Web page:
The lease payment programme, spearheaded by The Wildlife Foundation (TWF), started in 2000 with funding from the World Bank. At the time, it had 55,000 acres of land under lease.

The programme ran through to 2014, when the World Bank funding ended, throwing the initiative into disarray, with a number of locals who had committed their land to the initiative selling their land.

The period between 2014 and 2016 was the darkest for the park and its dispersal areas.

Rattled by the stalled conservation gains, The Wildlife Foundation went back to the drawing board, fundraised and re-established the project.

Except that this time, they did not have the same financial muscle to lease all the 55,000 acres, so they started small, with 1,500 acres.

Jacob Tukai, an administrator at TWF, recounts that when they reintroduced the programme two years ago, they found that a lot had changed.

For instance, many locals had partitioned their land and sold some of it or fenced it off, therefore interfering with important wildlife corridors.

While TWF has not found a big-enough donor to support the initiative, it recently acquired a research facility built near the park, which they turned into a tourist resort.

Proceeds from the facility go towards the lease payments. “We have also trained local rangers and facilitated them with motorbikes to effectively respond to community-wildlife conflicts,” explains Tukai, who noted that conservation areas and lease payment programmes encourage benefit-sharing.

Recently, the initiative was dealt a heavy blow when a local landowner fenced off 200 acres of his property, which falls within the dispersal area.

Environmental crusaders note that while many Kenyans see green spaces as chunks of idle land that should be used for development, the spaces have many ecosystem benefits that cannot be quantified.

Granting wildlife vast grazing grounds is crucial to biodiversity and nature conservation, they say.

When confined to a tiny area, the animals are easily preyed on or end up inbreeding and dying away.

Other than being home to wild animals, parks and green spaces act as important carbon-sequestering zones and hence are crucial in absorbing the dangerous carbon gases from the atmosphere and refreshing the air we breathe.

For Kenya, the majority of whose population is already suffering from exposure to high levels of air pollution above safety guidelines, protecting local parks and green spaces has never been more critical, according to experts.

About 99 per cent of Kenyans, the World Bank says, are exposed to high levels of air pollution exceeding World Health Organisation (WHO) safety guidelines.

Kenya’s current PM2.5 level is at 16 — 1.6 times above the safety limit, according to the United Nations.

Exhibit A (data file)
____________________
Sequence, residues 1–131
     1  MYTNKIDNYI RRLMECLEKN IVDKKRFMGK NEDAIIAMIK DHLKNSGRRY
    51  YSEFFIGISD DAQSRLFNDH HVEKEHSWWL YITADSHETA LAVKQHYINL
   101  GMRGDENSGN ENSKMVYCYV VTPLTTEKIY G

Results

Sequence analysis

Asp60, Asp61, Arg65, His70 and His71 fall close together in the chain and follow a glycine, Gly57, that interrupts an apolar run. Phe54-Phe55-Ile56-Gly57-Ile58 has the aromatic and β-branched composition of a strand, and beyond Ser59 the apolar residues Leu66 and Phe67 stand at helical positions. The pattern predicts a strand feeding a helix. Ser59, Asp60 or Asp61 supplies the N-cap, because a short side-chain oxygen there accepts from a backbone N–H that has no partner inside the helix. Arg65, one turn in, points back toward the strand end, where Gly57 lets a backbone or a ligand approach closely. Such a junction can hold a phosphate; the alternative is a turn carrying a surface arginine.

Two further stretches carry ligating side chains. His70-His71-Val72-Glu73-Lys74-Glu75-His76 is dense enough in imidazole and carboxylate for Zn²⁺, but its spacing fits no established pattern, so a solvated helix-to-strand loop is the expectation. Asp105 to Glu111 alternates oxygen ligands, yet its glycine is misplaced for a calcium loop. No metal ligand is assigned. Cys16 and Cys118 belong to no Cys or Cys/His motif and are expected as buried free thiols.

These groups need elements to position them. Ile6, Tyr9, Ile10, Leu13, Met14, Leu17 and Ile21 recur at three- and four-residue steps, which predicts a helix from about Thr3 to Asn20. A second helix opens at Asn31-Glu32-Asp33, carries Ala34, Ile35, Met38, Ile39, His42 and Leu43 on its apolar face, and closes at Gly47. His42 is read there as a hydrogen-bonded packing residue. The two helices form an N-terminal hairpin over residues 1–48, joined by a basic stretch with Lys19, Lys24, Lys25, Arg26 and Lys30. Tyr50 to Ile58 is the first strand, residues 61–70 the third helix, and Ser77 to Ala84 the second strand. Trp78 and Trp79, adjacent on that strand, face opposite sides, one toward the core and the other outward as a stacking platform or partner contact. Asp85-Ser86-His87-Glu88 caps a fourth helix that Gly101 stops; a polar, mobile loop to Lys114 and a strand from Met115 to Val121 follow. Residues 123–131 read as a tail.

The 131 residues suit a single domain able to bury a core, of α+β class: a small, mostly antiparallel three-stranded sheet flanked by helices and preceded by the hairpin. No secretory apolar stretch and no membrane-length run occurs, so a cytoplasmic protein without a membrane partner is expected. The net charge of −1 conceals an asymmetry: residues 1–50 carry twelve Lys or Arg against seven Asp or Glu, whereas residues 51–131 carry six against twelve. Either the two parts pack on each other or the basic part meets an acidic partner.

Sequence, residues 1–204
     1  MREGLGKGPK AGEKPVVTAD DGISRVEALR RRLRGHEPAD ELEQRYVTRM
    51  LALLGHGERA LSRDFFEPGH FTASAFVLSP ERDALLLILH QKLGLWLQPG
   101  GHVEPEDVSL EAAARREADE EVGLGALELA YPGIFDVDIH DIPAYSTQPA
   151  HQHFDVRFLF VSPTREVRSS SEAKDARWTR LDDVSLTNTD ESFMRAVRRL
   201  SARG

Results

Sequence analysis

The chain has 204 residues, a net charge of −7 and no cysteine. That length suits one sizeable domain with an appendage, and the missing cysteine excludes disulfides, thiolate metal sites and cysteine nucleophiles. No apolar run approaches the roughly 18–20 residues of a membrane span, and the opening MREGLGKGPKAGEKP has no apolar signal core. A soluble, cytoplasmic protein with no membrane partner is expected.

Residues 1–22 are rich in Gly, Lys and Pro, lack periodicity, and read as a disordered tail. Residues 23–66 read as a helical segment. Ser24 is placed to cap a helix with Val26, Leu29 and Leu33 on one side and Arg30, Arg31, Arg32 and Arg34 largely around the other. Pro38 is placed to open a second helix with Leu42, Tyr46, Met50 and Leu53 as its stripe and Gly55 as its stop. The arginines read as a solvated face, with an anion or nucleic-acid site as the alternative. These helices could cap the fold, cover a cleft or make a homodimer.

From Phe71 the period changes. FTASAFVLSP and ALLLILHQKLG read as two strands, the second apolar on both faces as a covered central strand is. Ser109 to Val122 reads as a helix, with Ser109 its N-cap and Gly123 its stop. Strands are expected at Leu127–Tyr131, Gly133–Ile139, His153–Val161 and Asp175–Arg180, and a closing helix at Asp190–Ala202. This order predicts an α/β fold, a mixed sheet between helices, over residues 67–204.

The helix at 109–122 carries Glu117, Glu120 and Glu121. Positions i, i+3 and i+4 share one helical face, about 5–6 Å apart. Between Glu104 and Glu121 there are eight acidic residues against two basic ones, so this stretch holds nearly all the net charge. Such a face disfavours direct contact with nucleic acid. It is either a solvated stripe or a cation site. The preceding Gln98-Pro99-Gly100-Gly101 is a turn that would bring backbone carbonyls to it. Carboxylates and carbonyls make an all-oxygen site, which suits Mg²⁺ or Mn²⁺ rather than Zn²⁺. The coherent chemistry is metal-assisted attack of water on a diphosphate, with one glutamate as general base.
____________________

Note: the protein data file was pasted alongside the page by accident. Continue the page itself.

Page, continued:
Nkamunu Patita, the coordinator at Indigenous Women Centre for Development, observes that green spaces need to be increased to make the city more liveable.

“If we cut the carbon sinks; we’ll poison ourselves. We want the government to map out the green spaces and adhere to zoning laws,” she says.

She believes that indigenous knowledge of pastoralism and wildlife conservation worked perfectly until the government stopped implementing laws meant to protect the environment.

“Some years back, we had a land-zoning policy in Kajiado to control land use, but the policy is no longer adhered to as people keep putting up structures even on wildlife paths,” she added.

Reinherd Bonke, a wildlife and environmental campaigner at Friends of Nairobi National Park, observes that Nairobi’s rising population is a big challenge for the city’s green spaces and parks.

Bonke is also against the government’s plans to fence off the park, pointing out that it will lead to inbreeding and loss of certain wildlife species.

While Kitengela and Isinya are gazetted conservation areas, many people view them as settlements, and hence the need for an integrated approach to conservation.

He attributes wanton encroachment on public green spaces to a population explosion in the city, which has resulted in insatiable demand for housing and supporting infrastructures such as roads and railways.

Recently, the government tried to hive off a chunk of the city’s main green space, Uhuru Park, for its multimillion-shilling expressway project, and only cancelled the plan following an outcry from citizens and activists.

“Nairobi National Park is a black rhino sanctuary, home to giraffes that have recently been listed as endangered, which further makes its conservation more crucial,” he said.